849. The Straight Story (1999) Dir. David Lynch, 112 mins.
The film is based on the true story of Alvin Straight’s 1994 journey across Iowa and Wisconsin on a lawn mower to visit his estranged brother Lyle, who has suffered a stroke, and hopefully make amends before he dies. The slow pace may well bore younger viewers but The Straight Story is a lyrically profound work that features a perfect performance by Richard Farnsworth.
848. Husbands and Wives (1992) Dir. Woody Allen, 108 mins.
Released after Woody Allen and Mia Farrow’s relationship had come to an end, Husbands and Wives was their final movie together. Filmed by Carlo Di Palma with a handheld camera and featuring documentary style one on ones with the characters, the film follows Gabe Roth (Allen) and his wife Judy (Farrow) who are taken aback by the casual announcement from their best friends, an upper-middle class Manhattan couple (the excellent Judy Davis and Sydney Pollack), that they are splitting up. Soon Gabe and Judy are analysing their own marriage. One of Allen’s best, it’s bleak but yet compelling.
847. Howl’s Moving Castle (2004) Dir. Hayao Miyazaki, 119 mins.
Loosely based on the novel of the same name by British author Diane Wynne Jones, the story follows Sophie Hatter who is a responsible and beautiful girl who runs her late fathers hat shop in a fictional kingdom where both magic and early 20th century technology are prevalent. On her way to the bakery to visit her sister she encounters, by chance, a mysterious wizard named Howl and gets caught up in his resistance to fighting for the king in a war with another kingdom. Influenced by Miyazaki’s opposition to the United States invasion of Iraq in 2003 the film is thematically different to the book and considers the destructiveness of war and the value of compassion. Although the narrative begins to lose focus by the second half this is still an imaginative fantasy that becomes more and more emotionally intense.
846. Breakfast at Tiffany’s (1961) Dir. Blake Edwards, 115 mins.
The film features Audrey Hepburn’s most iconic role as Holly Golightly the naive and eccentric socialite. The future A-Team star George Peppard plays the lonely neighbour and writer who becomes enchanted with her. The overall charm (particularly the cat named ‘Cat’) will allow most viewers to forgive the dafter parts.
845. Shakespeare In Love (1998) Dir. John Madden, 123 mins.
The film depicts an imaginary love affair involving Viola de Lesseps (Gwyneth Paltrow) and playwright William Shakespeare (Joseph Fiennes) while he was writing Romeo and Juliet. Winner of seven Oscars, including beating out Spielberg’s Saving Private Ryan for Best Picture, the film is enchanting and witty and Paltrow, with her perfect English accent, makes for the ultimate muse for Fiennes’s passionate bard.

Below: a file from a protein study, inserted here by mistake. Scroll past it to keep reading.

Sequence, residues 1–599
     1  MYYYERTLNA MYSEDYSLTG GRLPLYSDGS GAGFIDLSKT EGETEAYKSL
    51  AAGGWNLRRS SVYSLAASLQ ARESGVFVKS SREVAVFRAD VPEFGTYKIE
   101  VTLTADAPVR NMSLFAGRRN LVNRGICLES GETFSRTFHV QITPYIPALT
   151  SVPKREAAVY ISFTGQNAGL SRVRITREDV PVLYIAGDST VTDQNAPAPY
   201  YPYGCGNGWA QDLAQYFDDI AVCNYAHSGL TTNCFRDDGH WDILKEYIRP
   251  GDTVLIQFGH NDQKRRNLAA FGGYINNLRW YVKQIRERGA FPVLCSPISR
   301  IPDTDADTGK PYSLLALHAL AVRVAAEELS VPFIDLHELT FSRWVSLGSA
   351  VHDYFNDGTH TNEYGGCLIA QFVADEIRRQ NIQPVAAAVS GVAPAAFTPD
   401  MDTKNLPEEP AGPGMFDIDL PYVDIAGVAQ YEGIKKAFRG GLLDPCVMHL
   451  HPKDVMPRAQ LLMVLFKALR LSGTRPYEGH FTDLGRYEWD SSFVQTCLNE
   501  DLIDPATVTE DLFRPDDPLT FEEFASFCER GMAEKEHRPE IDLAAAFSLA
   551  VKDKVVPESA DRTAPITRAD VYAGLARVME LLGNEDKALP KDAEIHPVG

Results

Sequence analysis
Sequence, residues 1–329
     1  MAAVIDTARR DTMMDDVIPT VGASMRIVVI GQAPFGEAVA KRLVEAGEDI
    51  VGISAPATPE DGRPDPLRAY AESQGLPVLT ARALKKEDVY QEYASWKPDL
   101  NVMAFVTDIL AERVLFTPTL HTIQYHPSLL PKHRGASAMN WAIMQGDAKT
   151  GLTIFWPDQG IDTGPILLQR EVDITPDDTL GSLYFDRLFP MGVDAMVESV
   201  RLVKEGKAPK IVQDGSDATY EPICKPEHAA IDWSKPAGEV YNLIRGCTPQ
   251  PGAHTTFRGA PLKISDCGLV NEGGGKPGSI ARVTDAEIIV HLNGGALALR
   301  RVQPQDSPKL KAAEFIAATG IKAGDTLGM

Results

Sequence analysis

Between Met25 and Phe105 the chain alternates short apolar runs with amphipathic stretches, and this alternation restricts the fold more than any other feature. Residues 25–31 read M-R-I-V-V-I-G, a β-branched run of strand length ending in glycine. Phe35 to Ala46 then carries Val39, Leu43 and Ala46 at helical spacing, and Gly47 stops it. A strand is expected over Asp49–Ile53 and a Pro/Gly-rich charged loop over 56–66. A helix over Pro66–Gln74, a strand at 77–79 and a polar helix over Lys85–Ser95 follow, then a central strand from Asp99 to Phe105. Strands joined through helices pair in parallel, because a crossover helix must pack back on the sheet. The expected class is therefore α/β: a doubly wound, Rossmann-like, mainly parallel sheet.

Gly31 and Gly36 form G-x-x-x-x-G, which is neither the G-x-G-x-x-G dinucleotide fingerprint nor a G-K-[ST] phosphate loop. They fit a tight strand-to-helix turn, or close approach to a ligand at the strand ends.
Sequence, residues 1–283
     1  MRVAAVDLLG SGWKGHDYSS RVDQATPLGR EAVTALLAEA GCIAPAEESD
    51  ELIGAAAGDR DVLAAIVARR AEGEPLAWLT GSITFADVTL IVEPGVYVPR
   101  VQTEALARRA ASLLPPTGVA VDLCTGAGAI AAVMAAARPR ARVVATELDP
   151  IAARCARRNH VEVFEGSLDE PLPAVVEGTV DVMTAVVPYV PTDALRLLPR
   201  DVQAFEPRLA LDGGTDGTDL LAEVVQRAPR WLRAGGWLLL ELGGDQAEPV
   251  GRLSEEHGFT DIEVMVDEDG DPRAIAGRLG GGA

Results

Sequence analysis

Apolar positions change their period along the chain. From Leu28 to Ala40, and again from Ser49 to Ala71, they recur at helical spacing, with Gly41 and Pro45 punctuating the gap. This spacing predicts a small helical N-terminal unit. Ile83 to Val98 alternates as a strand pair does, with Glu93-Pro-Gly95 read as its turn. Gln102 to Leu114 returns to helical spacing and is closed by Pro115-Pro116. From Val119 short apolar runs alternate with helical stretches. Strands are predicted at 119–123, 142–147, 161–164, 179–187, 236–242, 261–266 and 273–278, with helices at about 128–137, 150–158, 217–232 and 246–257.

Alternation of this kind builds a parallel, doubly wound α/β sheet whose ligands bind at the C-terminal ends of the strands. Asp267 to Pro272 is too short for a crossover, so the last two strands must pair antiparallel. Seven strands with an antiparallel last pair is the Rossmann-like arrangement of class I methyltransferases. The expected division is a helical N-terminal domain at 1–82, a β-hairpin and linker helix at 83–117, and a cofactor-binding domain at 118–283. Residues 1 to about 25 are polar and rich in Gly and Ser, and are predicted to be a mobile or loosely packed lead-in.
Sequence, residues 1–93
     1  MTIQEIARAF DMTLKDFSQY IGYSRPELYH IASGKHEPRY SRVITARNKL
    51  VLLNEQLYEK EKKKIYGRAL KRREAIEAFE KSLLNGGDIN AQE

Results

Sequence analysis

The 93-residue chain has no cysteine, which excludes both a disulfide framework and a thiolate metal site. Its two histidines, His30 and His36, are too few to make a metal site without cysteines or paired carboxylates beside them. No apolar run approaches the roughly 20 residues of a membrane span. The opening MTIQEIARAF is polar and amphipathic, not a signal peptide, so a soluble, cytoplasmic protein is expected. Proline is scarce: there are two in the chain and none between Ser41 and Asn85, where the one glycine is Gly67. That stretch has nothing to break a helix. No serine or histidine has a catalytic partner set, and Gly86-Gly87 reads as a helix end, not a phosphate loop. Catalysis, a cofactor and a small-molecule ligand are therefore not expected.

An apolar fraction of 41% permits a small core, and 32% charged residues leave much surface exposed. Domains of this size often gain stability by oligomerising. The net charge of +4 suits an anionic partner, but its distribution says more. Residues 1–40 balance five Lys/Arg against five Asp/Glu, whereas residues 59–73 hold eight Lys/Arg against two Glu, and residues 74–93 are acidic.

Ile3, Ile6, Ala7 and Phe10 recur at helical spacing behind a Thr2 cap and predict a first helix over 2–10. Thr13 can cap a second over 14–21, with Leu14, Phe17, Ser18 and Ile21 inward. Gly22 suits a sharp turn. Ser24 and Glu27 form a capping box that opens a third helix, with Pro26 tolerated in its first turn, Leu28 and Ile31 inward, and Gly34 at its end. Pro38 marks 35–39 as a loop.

844. Sleeper (1973) Dir. Woody Allen, 138 mins.
The plot involves the adventures of the owner of a health food store who is cryogenically frozen in 1973 and defrosted 200 years later in an ineptly led police state. A madcap sci-fi parody made as a tribute to comedians Groucho Marx and Bob Hope.
843. Oliver! (1968) Dir. Carol Reed, 153 mins.
Based on the stage musical, with music and lyrics by Lionel Bart, and Charles Dicken’s novel, the story centres on orphan Oliver Twist, born in a workhouse and sold into apprenticeship with an undertaker. After escaping, Twist travels to London, where he meets The Artful Dodger, a member of a gang of juvenile pickpockets led by the elderly criminal, Fagin. Winning the best film Oscar in 1968, Oliver! is triumph of great characters, music and production design and was a fitting swan-song for The Third Man director Carol Reed. The British Film Institute ranked Oliver! 77th in their list of the greatest British films of the 20th century.
842. Shaun of the Dead (2004) Dir. Edgar Wright, 99 mins.
A British horror comedy starring Simon Pegg as Shaun, a man attempting to get some kind of focus in his life as he deals with girlfriend and family problems while also having to cope with an apocalyptic zombie uprising. Not just a parody of George A. Romero and zombie films in general, Shaun of the Dead is full of wonderful witty satire and plenty of gore.
841. La Belle Noiseuse (1991) Dir. Jacques Rivette, 237 mins.
A reclusive famous painter, Frenhofer (Michel Piccoli), lives quietly with his wife and former model (Jane Birkin) in a rambling château in rural Languedoc-Roussillon. When a young artist visits him with his girlfriend, Marianne (Emmanuelle Béart), Frenhofer is inspired to commence work once more on a painting he long ago abandoned, La Belle Noiseuse, using Marianne as his model.